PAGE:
This roast pork came about by accident. I found a beautiful pork butt at the farmers’ market and set my sights on pork tacos. I didn’t realise until I got home that the roast was frozen solid. After thirty hours in the fridge, it had finally thawed, but by then it was Monday night and I didn’t have time to make the taco filling. I’d heard that you can cook a pork roast overnight, and a quick Google search told me that Jamie Oliver is a believer. If he’s on board, that’s good enough for me. I made a quick paste of garlic, brown sugar, mustard, thyme, and spices and slathered the pork with it. I gave it a quick blast in a scorching oven to get some caramelisation going, then turned the oven down as low as it would go, and went upstairs to bed. The next morning, we woke in a cloud of garlic, sugar, and pork aroma — like bacon on steroids. The surface of the roast was burnished and crisp, and when I went at it with two forks, the meat virtually fell apart. Every accident should be this happy.
"The surface of the roast was burnished and crisp, and when I went at it with two forks, the meat virtually fell apart."
- 1 (5 pound/2.3 kg) boneless pork butt (pork shoulder - see Note)
- Kosher salt and freshly ground black pepper
- ⅓ cup (75 g) firmly packed light brown sugar
- 1 tbsp Dijon mustard
- 1½ tsp chopped fresh thyme leaves
- 3 large cloves garlic, minced
- 3 tbsp maple syrup
- An eighth to ¼ tsp ground chipotle (or use chili powder in a pinch)
Oven temperatures are for conventional; if using fan-forced (convection), reduce the temperature by 20˚C. | We use Australian tablespoons and cups: 1 teaspoon equals 5 ml; 1 tablespoon equals 20 ml; 1 cup equals 250 ml. | All herbs are fresh (unless specified) and cups are lightly packed. | All vegetables are medium size and peeled, unless specified. | All eggs are 55-60 g, unless specified.
Sitting time: 1 hour
Tie the pork with twine in several places so that it’s nice and compact. Place it on a plate or small baking sheet and season liberally with salt. Let it sit at room temperature for about an hour.
Combine the brown sugar, maple syrup, mustard, thyme, garlic, and ground chipotle in a small bowl. Add a couple pinches of salt and several grinds of pepper. Set aside.
Heat the oven to 475°F (245°C). Smear the sugar, mustard, and garlic mixture all over the pork, concentrating a good amount on the top of the roast, where the fat is. Nestle the pork (fat side up) into a roasting pan or cast iron baking dish just big enough to hold it. Put it in the oven for 10 to 15 minutes, until you start to smell garlic and sugar. Remove the pork from the oven and cover the pan tightly with foil. Return the pork to the oven and turn the heat down to 200°F (95°C).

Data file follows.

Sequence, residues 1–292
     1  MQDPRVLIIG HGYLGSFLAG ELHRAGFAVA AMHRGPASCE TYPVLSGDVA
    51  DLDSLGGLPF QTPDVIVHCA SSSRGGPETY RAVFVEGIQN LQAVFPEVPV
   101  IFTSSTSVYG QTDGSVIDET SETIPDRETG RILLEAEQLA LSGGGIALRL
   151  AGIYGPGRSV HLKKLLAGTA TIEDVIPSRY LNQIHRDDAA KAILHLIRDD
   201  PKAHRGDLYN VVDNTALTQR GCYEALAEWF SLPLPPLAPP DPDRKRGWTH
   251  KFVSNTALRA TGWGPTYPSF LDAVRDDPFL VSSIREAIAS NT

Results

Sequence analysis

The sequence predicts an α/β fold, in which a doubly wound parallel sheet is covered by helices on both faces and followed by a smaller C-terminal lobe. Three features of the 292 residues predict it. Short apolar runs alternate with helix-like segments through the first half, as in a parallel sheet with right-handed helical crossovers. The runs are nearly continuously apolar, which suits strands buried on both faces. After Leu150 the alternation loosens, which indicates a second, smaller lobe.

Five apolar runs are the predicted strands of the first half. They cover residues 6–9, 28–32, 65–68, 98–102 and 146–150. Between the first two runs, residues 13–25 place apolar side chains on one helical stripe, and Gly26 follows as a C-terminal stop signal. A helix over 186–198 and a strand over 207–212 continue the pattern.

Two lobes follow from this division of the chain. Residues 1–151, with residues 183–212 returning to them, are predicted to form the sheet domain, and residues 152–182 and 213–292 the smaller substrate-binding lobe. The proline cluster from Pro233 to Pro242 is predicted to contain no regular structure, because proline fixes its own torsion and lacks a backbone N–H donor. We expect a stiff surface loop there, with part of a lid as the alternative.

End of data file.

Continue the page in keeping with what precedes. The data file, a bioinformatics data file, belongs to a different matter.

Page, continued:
Leave the pork in the oven overnight to cook for at least 8 hours and up to 10 hours. When you wake up, your house will smell amazing and the pork will be tender. Cover the roast with foil and keep it in the fridge for up to 5 days.
The day of: Slice or shred what you think you’ll need, put it in a covered baking dish, and reheat in a 200°F to 250°F (95°C to 120°C) oven.
Variation: Co-author Amanda Hesser's riff: “I make this pork shoulder as often as possible, and when I do, I sometimes change up the seasoning. I capitalize the spices and lowercase the sweetness by adding a tbsp of smoked paprika in place of the chipotle and a large pinch of red pepper flakes, and omitting the maple syrup and brown sugar.”
• Pork butt is actually a cut from the shoulder.
• Buying Pork: Pork has changed a lot over the years. Commercial pork is leaner than it used to be, making it less flavorful and prone to dryness. I typically don’t buy it a lot, except for the occasional sausage. Instead, I seek out local pork from small farms whenever possible. It may be a bit more expensive, but the taste is far superior. When you’re buying pork shoulder, look for a piece of meat with good marbling and a generous fat cap. You’ll taste the difference.
• Serves 4 for two dinners, with lots of leftovers.
Recipe from Food 52 A New Way To Dinner by Amanda Hesser and Merrill Stubbs (Ten Speed Press, hb, $59.99). Read more about the book here.